Monday, May 27, 2013
|Top of the hill at Two Harbors, Catalina Island|
Here is how our campout went...
Pick Lindsey up at the Santa Ana Train Station, drive over to the San Pedro station for the ferry to Two Harbors. (We originally were going to take the ferry out of Dana Point Harbor but they only did drop offs at Avalon. Make sure you check ahead before booking your trip otherwise you would have a nice 15 mile hike over to Two Harbors.)
The ferry was at 9am and GPS directions to get there took us to a dead-end Luckily I had plugged into my phone that the ferry was at berth 95 so we were able to follows signs that lead us to the station. We loaded up our bikes and gear and set sail for 26 miles across the sea to our destination Getting there was a bit rough as we were "riding the troughs" but the waves settled down before we arrived so all ends well. The boat arrived at Avalon and let off the first set of passengers and then scooted over to Two Harbors. For the short trip the captain invited my friend and I to sit in the captains quarters for a better view. It is the little things that make the trip better and pointed out caves along the way that would be fun to kayak to on the next trip.
|Avalon, Santa Catalina Island|
Arriving in Two Harbors we got off and immediately went to get our campsite permits. (Book ahead as sites book out quickly especially during the summer.) We had not been in the office but a mere 30 seconds before a huge black bird soared down and started going after a small baguette my friend had sticking out of her pack. We rushed out and we able to save most of the baguette but not before cursing the bird. I, not being a fan of birds, was ready to chalk it up to a stupid fat crow but were told there were no crows on the island, but instead there were Ravens. Large, shinier and more cunning than crows, I had to admire the birds especially given that my favorite poem in none other than The Raven written by Edgar Allan Poe.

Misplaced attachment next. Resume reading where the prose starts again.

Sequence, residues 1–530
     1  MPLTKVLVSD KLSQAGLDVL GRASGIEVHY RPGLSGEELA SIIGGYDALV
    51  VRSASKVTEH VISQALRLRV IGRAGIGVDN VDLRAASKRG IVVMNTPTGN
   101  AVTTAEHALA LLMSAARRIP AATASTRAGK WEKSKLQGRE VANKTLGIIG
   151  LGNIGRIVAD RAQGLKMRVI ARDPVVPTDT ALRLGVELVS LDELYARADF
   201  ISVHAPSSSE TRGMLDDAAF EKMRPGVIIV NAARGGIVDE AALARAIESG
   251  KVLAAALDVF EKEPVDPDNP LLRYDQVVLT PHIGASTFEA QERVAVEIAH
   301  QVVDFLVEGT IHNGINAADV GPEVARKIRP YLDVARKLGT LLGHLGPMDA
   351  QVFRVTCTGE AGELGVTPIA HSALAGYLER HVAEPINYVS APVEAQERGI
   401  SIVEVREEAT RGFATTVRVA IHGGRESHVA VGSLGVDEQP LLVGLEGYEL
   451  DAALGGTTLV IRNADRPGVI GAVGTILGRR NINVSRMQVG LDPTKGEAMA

After tucking away the remaining baguette we went and split a buffalo burger from the cafe across the way. (We learned later in the trip that the island does not have buffalo but bison instead. Most Americans call bison buffalo when in fact the buffalo is a water buffalo found in Africa. The things you learn while traveling.)
With fuel in out belly we were ready to get started. We mounted our bikes and headed off for the 7.5 mile bike ride to Parson's Landing on the North-West side of the island. (Word of advice, you need a bike permit to have a bike on the island and can get a permit at Avalon for about $5/day. If you want to get a permit at Two Harbors it will run you $35-$65 as they only sell the annual passes. You can always chance not having a pass, but that is your own call.) We also picked up a locker key for about $14 which at our destination had 4 large pieces of firewood and a gallon of water. Much better than carry that on our bikes.
|Trans Catalina Trail turnoff for Parson's Landing|
The ride was a really easy ride as you are on a fire road almost the entire way with slight inclines. We took our time stopping to admire the view and to adjust our packs as riding with gear is different from just mountain biking. I had not been able to find a bike rack for the back of my bike as I have 29" wheels and needed to special order the rack. Lindsey was kind enough to carry my tent on her rack which pretty much makes her awesome as balancing with that weight is not easy.
|Approaching Parson's Landing|